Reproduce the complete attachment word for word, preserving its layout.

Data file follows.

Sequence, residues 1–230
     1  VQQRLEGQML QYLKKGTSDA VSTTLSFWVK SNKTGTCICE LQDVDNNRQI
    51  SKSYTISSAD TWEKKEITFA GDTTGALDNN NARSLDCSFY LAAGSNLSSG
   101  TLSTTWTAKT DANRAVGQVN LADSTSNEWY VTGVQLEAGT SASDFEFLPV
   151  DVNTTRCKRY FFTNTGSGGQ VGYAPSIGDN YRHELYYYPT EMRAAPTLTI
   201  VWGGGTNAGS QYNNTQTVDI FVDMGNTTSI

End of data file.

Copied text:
Sequence, residues 1–230
     1  VQQRLEGQML QYLKKGTSDA VSTTLSFWVK SNKTGTCICE LQDVDNNRQI
    51  SKSYTISSAD TWEKKEITFA GDTTGALDNN NARSLDCSFY LAAGSNLSSG
   101  TLSTTWTAKT DANRAVGQVN LADSTSNEWY VTGVQLEAGT SASDFEFLPV
   151  DVNTTRCKRY FFTNTGSGGQ VGYAPSIGDN YRHELYYYPT EMRAAPTLTI
   201  VWGGGTNAGS QYNNTQTVDI FVDMGNTTSI